Analyst: Online Display Ads Set to Surge

The stagnant display advertising space should bounce back in 2010, but it will be up to Web publishers to undertake take more drastic measures to increase the value of their ad space, including reducing inventory and eschewing ad networks.

That’s according to leading industry analyst Imran Khan of J.P. Morgan, who on Monday (Jan. 4) released his annual report, Nothing but Net 2010 Internet Sector Outlook. Khan predicts that display spending will surge by 10.5 percent this year after a 5 percent dip last year, with display CPMs rising by 5 percent.

Yet following a year in which display advertising became undervalued, and the marketplace was dominated by price-fixated performance advertisers, top Web publishers are faced with abysmal click through rates, irrelevant ads, and brands which have been spoiled by the ease of third party networks that promise cheap premium inventory, reports Khan. The result is a huge disparity between brand and performance spending on the Web.

According to J.P. Morgan’s analysis, while overall media spending is tilted only slightly toward direct response (52 percent versus 48 percent for brand dollars) –just 27 percent of online spending goes towards branding. Overall only 5 percent of brand dollars are online versus 30 percent of direct dollars, says the report.

Thus, publishers need to adapt their selling approach when it comes to display, something that is already in the works. “Consumers are banner blind,” Khan said during a conference call. Particularly, after years of growing accustomed to standard IAB banner units, “Consumers are not really paying attention anymore.” And the games that site play to increase ad impressions by spreading an article out across numerous pages are “extremely annoying.”

As a remedy Khan recommends that sites create new more premium forms of banner ads (such as the oversized ad units being pushed by the Online Publisher’s Association), and utilize data targeting and time based selling—all of which should help the industry bounce back in 2010.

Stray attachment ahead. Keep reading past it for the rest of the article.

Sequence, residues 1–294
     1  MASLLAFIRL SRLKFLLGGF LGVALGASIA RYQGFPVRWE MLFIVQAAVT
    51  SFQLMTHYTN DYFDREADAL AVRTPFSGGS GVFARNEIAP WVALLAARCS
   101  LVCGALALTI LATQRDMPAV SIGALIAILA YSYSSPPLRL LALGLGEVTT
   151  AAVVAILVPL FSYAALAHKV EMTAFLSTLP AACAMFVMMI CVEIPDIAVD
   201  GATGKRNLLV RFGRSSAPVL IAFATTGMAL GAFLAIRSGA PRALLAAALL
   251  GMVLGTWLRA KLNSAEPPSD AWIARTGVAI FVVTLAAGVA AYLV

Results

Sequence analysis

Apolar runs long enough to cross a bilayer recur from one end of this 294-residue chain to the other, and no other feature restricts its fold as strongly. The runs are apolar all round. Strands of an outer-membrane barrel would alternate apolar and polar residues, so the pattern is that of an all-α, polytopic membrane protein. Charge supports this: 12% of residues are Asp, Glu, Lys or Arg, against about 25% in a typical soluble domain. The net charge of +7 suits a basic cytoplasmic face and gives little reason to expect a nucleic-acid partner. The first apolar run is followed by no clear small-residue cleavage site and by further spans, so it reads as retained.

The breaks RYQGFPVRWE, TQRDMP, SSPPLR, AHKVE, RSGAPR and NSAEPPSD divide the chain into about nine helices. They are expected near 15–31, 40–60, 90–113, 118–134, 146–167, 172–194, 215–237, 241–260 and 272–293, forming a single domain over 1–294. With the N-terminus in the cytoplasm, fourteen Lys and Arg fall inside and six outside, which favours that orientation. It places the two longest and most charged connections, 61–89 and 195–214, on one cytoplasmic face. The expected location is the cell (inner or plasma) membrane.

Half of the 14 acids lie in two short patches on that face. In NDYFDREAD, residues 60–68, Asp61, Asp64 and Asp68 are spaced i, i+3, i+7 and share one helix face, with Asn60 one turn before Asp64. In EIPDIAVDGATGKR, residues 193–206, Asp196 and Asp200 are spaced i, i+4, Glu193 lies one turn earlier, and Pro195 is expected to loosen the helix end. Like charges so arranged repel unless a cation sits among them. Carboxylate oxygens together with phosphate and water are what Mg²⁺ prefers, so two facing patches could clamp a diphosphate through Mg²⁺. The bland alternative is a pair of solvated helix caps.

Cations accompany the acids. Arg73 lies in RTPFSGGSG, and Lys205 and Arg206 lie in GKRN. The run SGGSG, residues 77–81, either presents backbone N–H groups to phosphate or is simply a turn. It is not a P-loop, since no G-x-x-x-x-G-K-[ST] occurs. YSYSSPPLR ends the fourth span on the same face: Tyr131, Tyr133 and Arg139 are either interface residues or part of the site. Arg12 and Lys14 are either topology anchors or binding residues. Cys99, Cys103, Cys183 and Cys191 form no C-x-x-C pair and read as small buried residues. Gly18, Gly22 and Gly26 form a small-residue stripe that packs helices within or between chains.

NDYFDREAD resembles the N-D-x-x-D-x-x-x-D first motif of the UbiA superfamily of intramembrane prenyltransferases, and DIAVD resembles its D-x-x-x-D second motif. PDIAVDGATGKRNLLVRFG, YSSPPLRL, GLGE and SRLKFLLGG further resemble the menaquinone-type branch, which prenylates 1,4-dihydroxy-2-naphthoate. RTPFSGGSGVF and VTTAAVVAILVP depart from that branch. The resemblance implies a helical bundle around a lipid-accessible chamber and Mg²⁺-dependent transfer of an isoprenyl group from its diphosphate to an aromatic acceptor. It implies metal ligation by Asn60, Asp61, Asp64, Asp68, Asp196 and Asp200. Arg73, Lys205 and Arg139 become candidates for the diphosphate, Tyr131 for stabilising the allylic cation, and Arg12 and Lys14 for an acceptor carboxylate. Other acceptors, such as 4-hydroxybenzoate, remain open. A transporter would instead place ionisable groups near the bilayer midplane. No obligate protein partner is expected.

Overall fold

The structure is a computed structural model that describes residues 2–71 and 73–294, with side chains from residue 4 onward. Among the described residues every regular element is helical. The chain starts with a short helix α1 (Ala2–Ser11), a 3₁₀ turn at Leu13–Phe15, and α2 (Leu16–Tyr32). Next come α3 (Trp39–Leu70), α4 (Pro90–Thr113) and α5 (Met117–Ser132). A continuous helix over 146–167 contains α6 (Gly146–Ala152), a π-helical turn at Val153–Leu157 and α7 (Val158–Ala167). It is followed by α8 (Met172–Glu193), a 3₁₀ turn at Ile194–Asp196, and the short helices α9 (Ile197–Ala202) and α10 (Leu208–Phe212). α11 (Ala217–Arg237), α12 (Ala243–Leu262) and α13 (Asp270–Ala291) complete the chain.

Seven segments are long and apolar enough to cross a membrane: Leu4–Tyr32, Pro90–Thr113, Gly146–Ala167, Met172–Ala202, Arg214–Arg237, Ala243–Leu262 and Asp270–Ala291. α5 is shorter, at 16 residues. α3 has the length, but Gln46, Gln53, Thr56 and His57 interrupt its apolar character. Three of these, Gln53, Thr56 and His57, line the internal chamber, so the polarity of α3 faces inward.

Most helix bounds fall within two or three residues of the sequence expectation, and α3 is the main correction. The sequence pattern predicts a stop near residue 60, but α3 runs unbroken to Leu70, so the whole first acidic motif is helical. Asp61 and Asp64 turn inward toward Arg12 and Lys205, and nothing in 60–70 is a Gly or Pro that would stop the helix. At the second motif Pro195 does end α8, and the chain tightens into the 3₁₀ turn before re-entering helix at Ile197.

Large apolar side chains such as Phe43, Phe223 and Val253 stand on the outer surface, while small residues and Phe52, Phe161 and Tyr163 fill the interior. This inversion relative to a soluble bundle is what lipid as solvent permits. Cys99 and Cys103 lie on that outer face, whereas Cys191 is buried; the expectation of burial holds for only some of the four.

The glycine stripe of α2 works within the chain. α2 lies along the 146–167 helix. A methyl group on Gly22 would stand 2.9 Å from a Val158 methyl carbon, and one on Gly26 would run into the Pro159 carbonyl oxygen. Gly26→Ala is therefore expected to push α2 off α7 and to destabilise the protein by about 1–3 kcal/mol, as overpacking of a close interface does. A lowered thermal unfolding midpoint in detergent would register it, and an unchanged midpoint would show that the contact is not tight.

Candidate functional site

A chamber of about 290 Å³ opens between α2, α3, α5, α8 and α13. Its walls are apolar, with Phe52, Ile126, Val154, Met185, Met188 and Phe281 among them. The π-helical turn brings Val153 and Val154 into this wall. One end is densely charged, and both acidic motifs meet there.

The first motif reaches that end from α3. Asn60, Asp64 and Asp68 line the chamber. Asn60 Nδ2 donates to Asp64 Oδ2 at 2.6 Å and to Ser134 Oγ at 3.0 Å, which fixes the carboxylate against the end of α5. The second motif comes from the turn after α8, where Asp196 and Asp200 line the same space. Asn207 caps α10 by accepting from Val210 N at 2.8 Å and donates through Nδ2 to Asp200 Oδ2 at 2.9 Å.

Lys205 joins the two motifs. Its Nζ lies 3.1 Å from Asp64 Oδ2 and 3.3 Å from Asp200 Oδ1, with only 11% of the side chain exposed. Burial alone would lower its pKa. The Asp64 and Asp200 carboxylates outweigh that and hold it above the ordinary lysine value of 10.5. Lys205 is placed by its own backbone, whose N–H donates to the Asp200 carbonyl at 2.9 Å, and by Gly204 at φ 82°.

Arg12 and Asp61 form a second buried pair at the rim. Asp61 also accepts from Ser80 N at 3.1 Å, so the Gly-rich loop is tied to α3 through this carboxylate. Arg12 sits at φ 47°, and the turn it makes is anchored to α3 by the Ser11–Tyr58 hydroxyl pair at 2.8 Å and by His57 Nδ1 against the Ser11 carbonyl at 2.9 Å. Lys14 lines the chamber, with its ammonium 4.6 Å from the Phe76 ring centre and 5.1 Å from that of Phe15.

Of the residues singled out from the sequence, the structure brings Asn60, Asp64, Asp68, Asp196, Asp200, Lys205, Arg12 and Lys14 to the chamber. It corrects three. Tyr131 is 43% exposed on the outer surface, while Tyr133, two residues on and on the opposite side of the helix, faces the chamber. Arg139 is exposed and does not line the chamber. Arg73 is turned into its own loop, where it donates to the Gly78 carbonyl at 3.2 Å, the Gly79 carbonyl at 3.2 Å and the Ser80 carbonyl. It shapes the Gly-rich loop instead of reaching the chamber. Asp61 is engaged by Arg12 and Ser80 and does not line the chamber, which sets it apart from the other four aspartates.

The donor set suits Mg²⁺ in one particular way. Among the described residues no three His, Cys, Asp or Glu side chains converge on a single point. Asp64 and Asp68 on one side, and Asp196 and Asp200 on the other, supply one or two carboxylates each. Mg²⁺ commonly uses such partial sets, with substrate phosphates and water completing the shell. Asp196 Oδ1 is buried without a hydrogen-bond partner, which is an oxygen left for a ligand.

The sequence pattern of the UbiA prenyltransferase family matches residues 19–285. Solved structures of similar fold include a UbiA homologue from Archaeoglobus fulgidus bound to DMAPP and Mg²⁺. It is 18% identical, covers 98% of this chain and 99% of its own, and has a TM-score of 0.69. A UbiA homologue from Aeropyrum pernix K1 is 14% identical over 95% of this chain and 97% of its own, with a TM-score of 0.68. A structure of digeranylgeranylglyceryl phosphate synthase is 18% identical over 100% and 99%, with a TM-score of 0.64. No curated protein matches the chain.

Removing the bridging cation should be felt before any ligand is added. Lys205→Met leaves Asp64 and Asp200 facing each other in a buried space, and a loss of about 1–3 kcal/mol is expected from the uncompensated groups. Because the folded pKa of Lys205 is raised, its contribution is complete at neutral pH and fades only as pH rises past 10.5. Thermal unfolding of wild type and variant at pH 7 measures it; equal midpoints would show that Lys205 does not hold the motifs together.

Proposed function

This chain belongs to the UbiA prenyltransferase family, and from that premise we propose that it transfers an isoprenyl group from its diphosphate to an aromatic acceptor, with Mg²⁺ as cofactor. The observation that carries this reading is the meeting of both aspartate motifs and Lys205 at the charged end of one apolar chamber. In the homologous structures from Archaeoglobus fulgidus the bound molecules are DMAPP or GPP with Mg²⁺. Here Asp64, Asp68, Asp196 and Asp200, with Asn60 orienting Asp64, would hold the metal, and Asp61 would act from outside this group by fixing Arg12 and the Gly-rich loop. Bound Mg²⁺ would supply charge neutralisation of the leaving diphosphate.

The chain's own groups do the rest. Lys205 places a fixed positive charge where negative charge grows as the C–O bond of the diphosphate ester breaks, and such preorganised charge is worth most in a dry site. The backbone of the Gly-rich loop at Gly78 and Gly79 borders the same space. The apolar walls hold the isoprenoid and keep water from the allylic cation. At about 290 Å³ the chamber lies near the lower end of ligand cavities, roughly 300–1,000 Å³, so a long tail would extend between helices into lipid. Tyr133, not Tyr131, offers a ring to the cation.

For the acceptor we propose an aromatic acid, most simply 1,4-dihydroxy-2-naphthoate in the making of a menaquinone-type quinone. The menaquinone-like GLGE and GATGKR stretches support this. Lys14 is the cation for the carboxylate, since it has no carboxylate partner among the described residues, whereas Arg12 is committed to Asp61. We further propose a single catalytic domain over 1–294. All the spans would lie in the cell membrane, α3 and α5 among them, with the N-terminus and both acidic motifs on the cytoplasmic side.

Khan argues that sites should also reduce their reliance on ad networks (which is already happening) and even considering serving fewer page views and ads. He cite the example of AOL, which saw CPMs decline by as much as 50 percent when it focused on inventory sell-through at the expense of premium selling.  “I think the industry realizes the mistakes it made,” he said.


If enacted, Khan sees many of these premium selling tactics benefiting the much scrutinized Web giant Yahoo, which he estimates commands a hefty 17 percent share of the display market. However, ad inventory reduction will likely to prove near impossible for social networking properties, which only become more popular. According to J.P. Morgan’s report, Facebook now accounts for 5 percent of all time spent on Web on globe.

The sheer volume of inventory on sites like Facebook, coupled with low response rates, means that in 2010, “Ad driven monetization will remain very difficult,” Khan said. But ad monetization shouldn’t be social networks’ focus, he contends. Rather sites like Facebook should operate like credit card companies—focusing on earning revenue through carriage fees rather than monetizing directly from consumers. More specifically, social sites should look to collect small carriage fees from the vast universe of applications, social games and virtual gifts that thrive on their networks.

Down the road, social networking sites are also positioned to become key sources of referral traffic for publishers and retail sites, predicts Khan—a dynamic that could one day threaten the role of search engines. However in the near term the search ad business remains quite healthy, as J.P. Morgan forecast 13 percent growth in spending for the sector in 2010.